Yamaha Aerox 155 Road Test Review : Quirky, Imperfect, But Lovable!

The Aerox 155 is the fastest scooter that we have tested, but does it make sense for India?


Performance, it’s a word that gets us two-wheeler enthusiasts excited and why not: It’s one of the key reasons for us to connect with our rides! Performance is something that’s easily accessible in the current two-wheeler space, but that wasn’t the case many years back. One brand, however, always stood out and that’s Yamaha. From the absolutely bonkers Yamaha RD350 in the 80s, to the awesome Yamaha RX100 and later the YZF-R15, the Japanese giant has always given us something extra. 

But when it comes to scooters, performance is an alien concept even today, with only a handful of options, and Yamaha wants to change that with the Yamaha Aerox 155. It’s the fastest, sportiest and the most expensive made in India scooter on sale, but does it have the Yamaha DNA and can it spawn a new revolution?  


If I had to describe the Aerox' performance in three words, it would be fast, effortless and refined!


Yamaha Aerox 155

Aprilia SXR 160


155cc, single-cylinder liquid-cooled

160cc, single-cylinder air-cooled


15PS at 8000rpm

11PS at 7100rpm


13.9Nm at 6500rpm

11Nm at 5750rpm

Given its power and torque advantage, it isn’t particularly quick off the line and that shows in our acceleration test till 40kmph. Once you hit the strong mid-range, though, the Aerox feels alive and gathers momentum at a brisk pace. As you can see, the difference in acceleration times is significant when compared to the Aprilia SXR160, and it’s clearly the quickest scooter that we have tested. 


Yamaha Aerox 155

Aprilia SXR160











20-50 kmph



This strong mid-range is courtesy the VVA (Variable Valve Actuation) technology and it is not only helpful in the city, but also when overtaking on the highway. At speeds where most scooters run out of breath, the Aerox 155 keeps on pulling strong and you can do speeds above 100kmph easily. In fact, we even saw a speedo-indicated 120kmph on one of our runs.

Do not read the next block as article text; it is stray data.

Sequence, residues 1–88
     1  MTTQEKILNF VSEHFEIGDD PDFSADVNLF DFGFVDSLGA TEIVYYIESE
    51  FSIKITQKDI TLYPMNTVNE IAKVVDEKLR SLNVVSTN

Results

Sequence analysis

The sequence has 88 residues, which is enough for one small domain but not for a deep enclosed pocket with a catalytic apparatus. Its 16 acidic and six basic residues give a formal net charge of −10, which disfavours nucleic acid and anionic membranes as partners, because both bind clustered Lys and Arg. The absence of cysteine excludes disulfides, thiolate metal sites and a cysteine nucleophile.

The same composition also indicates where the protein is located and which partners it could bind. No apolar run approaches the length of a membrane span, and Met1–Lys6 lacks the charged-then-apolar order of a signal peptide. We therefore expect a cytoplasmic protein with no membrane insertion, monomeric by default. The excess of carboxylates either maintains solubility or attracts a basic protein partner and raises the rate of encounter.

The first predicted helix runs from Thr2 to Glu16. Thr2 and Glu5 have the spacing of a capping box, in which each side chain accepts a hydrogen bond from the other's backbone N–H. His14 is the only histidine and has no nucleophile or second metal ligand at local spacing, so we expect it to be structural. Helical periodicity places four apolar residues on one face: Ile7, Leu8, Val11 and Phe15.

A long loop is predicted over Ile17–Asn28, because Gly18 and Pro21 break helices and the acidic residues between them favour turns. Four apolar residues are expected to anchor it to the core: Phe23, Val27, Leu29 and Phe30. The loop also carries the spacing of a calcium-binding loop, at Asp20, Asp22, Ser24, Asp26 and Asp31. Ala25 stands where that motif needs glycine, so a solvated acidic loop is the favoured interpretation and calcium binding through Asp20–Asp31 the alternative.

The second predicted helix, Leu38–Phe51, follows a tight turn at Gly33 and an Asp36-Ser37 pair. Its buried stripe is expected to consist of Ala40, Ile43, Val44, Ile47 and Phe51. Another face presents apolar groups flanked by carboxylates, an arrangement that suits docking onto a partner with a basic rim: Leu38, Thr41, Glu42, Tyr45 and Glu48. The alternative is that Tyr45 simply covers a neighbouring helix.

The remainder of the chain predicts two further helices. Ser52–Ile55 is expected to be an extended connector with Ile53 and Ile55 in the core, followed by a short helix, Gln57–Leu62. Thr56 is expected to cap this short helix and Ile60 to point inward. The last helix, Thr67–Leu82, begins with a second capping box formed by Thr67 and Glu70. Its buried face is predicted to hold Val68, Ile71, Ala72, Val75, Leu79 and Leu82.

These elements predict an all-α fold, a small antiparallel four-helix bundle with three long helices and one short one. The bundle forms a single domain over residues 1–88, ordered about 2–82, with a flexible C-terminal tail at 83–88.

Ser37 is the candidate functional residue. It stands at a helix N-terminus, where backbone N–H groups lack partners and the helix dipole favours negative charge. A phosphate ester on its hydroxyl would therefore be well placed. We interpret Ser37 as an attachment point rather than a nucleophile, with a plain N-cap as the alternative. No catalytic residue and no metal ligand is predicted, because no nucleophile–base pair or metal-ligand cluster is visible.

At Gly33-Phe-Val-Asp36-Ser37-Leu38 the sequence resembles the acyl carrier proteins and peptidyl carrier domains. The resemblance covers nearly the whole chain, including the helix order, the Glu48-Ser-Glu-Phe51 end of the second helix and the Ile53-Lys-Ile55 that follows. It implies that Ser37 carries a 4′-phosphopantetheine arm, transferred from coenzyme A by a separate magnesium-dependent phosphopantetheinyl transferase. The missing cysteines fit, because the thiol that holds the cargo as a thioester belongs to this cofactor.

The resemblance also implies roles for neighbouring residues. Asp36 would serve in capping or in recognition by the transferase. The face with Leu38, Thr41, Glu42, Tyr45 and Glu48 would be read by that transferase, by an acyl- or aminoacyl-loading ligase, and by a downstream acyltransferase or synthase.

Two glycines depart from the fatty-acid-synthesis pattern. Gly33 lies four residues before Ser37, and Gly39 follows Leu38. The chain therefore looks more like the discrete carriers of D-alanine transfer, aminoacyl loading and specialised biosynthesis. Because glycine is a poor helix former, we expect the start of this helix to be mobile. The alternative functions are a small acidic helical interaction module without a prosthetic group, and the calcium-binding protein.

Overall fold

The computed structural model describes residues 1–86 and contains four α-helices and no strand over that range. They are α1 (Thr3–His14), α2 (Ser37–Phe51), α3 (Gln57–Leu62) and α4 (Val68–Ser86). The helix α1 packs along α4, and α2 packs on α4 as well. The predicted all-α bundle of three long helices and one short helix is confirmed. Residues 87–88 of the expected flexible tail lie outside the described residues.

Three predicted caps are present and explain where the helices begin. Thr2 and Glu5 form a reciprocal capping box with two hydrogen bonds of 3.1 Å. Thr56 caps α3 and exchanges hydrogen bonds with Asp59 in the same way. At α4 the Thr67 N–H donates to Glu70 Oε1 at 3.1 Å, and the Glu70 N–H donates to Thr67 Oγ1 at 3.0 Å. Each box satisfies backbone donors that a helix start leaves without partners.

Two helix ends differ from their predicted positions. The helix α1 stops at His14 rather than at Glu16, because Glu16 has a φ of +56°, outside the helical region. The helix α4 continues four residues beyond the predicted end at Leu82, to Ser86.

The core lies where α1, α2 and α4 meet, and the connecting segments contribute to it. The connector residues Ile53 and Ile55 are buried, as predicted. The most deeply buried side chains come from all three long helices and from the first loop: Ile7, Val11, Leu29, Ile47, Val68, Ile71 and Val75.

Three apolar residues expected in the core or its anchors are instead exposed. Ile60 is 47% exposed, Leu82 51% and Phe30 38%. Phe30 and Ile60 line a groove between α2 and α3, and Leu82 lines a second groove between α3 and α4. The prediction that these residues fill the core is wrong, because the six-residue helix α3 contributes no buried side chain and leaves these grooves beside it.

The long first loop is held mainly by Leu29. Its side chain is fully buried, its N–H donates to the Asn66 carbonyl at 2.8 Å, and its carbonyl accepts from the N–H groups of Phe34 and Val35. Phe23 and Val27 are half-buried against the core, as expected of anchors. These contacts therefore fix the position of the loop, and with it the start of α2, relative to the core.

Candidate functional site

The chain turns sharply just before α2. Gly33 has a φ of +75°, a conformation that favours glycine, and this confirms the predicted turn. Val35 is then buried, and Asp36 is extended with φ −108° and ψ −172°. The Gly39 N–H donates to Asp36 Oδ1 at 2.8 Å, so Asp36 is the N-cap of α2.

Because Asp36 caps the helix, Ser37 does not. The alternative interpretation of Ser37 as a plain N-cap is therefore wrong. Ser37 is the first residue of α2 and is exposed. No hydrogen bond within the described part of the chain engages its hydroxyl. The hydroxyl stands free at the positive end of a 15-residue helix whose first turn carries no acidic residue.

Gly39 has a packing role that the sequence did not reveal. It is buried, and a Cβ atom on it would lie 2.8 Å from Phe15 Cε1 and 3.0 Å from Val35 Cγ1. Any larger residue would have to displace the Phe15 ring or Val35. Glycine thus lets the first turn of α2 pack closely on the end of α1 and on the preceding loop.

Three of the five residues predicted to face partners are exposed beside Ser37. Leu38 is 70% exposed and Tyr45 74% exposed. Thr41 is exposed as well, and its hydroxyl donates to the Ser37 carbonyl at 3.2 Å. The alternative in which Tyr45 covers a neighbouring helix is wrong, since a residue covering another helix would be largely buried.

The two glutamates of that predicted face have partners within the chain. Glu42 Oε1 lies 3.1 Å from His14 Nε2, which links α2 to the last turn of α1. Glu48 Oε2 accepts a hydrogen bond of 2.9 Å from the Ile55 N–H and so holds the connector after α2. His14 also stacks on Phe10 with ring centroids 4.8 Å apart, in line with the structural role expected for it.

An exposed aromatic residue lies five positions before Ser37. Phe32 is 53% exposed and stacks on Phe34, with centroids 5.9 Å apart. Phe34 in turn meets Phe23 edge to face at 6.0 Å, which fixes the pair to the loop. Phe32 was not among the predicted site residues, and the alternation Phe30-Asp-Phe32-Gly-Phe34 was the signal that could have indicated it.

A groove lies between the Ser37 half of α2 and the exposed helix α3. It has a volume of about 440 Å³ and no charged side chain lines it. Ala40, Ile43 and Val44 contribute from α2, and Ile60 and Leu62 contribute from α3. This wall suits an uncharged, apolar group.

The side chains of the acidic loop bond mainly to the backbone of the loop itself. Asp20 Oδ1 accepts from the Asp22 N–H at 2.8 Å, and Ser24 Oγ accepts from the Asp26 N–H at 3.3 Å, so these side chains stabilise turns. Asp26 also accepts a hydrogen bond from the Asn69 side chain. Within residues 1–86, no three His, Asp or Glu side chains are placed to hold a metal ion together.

And it’s just not the ease with which it does triple-digit speeds, but the solid composure it displays that's even more impressive. Refinement is also great, although you do feel a minor buzz on the footboard, but that’s negligible. 

While performance is impressive, does it come at the cost of fuel efficiency? You can see our tested figures below. The numbers are impressive but were achieved at sane speeds. If you have a heavy right wrist, the numbers will drop to around 30-35kmpl. The Aerox also gets start/stop tech to improve its fuel efficiency, and it’s a simple and effective system. 

Fuel Efficiency

Yamaha Aerox 155

Aprilia SXR160







Fuel tank capacity


5.5 litres

7 litres


It’s just not performance where the Aerox 155 smashes it, but also styling. In pictures the Aerox looked petite, but it's a fairly large scooter and is imposing to look at. The lines of the scooter are sharp, sporty and sculpted. The contoured seat and the spine give it a low-slung stance. 

It features a large fascia that’s dominated with a sharp split LED headlight and the DRLs look aggressive. I really liked how the front turn indicators have been integrated into the edge of the apron. While the styling is busy, all the panels flow seamlessly with the overall design. 


The X-Shaped panel on the spine is also a neat touch and the Aerox graphic is sporty. While the face is aggressive, the tail section is compact and minimal. I loved the simplistic LED taillight that looks modern and premium. While the radiator shroud looks cool, the air-box cover looks odd and sticks out like a sore thumb. 

Fit and finish is good, the switchgear quality is among the best and the tight panel gaps are a sign of its premiumness. However, the fuel filler flap is flimsy and the shut lines are so bad that you can see the fuel filler cap from the side. 

The Aerox 155 is an attention magnet and looks like nothing else on Indian roads. So if you want to make an impression and want exclusivity, look no further!   


The sporty Yamaha scooter gets an all-digital negative LCD instrument console. It’s packed with information that can be toggled through easily on the move via a mode button. The layout is clean but the twin rev counter is pointless. 

The multi-function key slot is very useful and there’s a switch next to it to access the underseat storage and the fuel cap. While the brake levers look premium, oddly there is no brake lock. 

Via the Y-connect app you can also monitor various parameters of the scooter on your phone, and the Bluetooth connectivity means you get call and message alerts on the console. Sadly there is no navigation feature, which is a big miss. The Aerox also features a silent starter motor generator and a side stand engine cut-off which is a very useful safety feature.